First year college students were born in the mid-90s. This means that they were born after the assassination of Rabin, and when Israel pulled out of Gaza in 2005 they were about 10 years old. As they’ve come of age, college student have been exposed to Israel in the news through the frame of the withdrawl from Lebanon and several escalations between Israel and Hamas militants in the Gaza Strip.
That framework for viewing Israel is much different than for those who were born in earlier decades.
At The David Project, one of our most important training sessions for Israel advocates is called Personal Narrative, which helps college students build awareness of their experiences with Israel and learn how to share with others why Israel is important to them.
To get us started we ask our workshop participants to think through their first, best and worst experiences, memories or interactions with Israel. As participants share those experiences we find that while we have all had different experiences with Israel, many of us connect to the Jewish state for similar reasons.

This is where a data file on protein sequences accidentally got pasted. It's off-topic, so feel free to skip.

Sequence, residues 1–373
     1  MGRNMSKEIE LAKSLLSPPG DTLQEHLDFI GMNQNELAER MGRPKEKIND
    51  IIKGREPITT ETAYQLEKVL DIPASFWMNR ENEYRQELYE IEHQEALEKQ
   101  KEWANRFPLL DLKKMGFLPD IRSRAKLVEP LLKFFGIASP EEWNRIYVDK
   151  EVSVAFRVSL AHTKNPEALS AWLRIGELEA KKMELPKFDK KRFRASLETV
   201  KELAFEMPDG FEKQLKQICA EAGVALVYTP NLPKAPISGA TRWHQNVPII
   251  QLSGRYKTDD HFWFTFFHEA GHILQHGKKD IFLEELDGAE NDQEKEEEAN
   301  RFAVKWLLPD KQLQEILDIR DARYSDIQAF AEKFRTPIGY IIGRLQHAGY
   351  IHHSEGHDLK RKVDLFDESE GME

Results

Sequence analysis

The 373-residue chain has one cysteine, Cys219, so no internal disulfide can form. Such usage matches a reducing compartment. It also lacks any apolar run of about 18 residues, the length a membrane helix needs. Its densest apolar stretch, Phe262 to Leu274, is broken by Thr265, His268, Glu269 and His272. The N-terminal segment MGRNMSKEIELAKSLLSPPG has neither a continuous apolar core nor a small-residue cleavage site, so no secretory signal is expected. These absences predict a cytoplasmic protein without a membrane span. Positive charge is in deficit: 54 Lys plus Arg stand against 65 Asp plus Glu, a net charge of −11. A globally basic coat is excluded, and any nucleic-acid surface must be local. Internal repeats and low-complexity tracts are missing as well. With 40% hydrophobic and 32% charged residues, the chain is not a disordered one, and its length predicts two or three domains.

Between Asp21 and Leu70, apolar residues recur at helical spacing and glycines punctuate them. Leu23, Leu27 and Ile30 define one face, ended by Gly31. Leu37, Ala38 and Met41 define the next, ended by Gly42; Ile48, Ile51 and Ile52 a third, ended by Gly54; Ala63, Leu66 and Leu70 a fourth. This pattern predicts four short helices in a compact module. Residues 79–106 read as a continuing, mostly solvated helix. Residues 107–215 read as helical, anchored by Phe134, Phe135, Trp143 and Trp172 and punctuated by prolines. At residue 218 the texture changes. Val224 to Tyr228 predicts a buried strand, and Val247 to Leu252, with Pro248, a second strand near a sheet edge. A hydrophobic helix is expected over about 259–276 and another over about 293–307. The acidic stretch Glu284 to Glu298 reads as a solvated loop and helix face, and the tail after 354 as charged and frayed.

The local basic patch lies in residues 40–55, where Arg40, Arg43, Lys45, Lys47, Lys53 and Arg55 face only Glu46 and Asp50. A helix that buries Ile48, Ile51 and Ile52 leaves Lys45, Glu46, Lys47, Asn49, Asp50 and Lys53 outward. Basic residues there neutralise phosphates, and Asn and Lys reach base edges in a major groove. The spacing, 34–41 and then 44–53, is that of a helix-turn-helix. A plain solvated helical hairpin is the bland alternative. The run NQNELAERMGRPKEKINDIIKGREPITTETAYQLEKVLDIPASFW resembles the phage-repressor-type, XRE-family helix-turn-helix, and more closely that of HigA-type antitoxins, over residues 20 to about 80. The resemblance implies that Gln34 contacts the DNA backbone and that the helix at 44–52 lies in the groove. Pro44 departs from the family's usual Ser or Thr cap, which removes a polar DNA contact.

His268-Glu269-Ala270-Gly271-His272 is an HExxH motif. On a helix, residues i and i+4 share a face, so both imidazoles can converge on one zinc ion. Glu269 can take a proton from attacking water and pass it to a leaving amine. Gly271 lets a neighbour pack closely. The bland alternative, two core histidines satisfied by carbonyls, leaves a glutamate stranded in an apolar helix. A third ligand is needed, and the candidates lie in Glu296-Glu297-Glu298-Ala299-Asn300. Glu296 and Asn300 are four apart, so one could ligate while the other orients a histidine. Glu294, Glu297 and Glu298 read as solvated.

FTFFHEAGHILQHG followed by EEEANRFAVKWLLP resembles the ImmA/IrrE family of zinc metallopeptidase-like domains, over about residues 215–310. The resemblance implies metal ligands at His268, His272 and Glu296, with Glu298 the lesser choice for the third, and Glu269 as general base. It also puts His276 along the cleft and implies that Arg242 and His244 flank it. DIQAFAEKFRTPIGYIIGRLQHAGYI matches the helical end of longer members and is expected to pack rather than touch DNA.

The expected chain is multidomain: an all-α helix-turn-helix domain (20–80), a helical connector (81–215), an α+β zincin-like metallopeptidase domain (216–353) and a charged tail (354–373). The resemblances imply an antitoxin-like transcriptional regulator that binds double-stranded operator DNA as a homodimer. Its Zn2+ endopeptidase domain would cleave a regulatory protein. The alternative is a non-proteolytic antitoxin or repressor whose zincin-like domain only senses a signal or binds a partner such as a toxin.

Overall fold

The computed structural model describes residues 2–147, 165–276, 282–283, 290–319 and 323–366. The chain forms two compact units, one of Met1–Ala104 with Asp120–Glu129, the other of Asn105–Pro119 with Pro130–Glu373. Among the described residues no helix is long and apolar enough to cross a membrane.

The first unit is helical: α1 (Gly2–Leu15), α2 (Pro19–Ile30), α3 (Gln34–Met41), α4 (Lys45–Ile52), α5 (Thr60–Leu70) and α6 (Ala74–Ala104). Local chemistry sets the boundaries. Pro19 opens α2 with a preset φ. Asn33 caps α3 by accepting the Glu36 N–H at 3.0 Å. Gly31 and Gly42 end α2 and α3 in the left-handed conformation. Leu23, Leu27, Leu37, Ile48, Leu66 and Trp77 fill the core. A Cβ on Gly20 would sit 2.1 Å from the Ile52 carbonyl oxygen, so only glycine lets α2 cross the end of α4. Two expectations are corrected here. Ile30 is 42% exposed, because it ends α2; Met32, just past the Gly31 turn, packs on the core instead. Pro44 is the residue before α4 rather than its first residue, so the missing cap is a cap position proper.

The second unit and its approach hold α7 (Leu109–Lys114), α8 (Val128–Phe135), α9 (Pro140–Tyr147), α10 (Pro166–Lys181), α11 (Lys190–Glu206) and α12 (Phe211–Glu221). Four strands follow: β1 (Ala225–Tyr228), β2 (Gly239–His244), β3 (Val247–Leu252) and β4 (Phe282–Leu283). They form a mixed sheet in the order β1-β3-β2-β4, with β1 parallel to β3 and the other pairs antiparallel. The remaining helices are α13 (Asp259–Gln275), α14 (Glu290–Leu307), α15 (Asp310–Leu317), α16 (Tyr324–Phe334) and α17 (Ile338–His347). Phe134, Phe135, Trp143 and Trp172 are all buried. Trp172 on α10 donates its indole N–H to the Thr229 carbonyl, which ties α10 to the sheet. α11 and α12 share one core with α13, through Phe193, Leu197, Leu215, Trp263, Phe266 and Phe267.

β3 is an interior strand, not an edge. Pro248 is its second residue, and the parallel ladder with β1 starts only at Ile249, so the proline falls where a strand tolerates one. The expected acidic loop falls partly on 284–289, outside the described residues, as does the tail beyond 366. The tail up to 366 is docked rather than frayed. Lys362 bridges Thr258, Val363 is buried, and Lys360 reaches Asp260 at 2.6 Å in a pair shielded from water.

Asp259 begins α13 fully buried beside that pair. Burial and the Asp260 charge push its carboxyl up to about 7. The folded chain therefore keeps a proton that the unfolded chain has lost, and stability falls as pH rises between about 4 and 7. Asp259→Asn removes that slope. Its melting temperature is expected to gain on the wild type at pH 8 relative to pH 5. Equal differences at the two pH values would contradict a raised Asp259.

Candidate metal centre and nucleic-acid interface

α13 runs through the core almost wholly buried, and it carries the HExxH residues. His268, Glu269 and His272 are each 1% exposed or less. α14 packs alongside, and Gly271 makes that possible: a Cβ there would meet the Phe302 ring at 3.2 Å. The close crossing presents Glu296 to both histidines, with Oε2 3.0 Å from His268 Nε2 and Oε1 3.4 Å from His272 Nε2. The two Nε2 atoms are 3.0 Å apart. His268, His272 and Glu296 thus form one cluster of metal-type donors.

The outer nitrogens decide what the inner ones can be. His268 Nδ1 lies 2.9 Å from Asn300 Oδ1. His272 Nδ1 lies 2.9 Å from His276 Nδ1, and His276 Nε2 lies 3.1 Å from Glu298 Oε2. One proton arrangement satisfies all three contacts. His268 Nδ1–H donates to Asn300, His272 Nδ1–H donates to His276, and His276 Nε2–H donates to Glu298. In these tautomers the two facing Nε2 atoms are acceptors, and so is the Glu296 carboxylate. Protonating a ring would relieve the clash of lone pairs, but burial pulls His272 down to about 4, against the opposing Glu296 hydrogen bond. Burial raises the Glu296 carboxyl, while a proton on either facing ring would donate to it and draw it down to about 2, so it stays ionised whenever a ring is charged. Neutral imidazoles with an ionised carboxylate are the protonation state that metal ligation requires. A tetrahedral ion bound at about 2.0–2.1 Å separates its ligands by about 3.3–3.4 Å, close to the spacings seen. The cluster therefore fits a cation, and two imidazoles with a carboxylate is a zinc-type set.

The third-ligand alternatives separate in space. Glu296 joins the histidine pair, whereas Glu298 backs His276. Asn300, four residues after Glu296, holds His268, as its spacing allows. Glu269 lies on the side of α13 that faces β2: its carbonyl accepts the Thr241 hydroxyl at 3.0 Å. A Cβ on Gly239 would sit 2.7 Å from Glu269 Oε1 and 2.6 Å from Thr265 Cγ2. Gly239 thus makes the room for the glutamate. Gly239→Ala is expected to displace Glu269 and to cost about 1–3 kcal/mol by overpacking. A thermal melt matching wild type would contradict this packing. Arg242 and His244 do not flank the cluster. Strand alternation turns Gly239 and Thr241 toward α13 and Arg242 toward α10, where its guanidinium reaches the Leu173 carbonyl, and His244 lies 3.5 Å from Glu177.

When starting the Israel conversation around the dinner table, it is much easier to lead with experiences rather than facts. Find out what your parents first memory of Israel is. Then share your first experience and talk about how the differences in these experiences have impacted your connection to Israel. By approaching the conversation in this manner, you’ll find that you will be able to talk about Israel more easily than if you had led with politics. Once a sense of trust and common ground is built around the fact that Israel has an important role in our lives, the topic of Israel’s policies or politics is a more manageable conversation.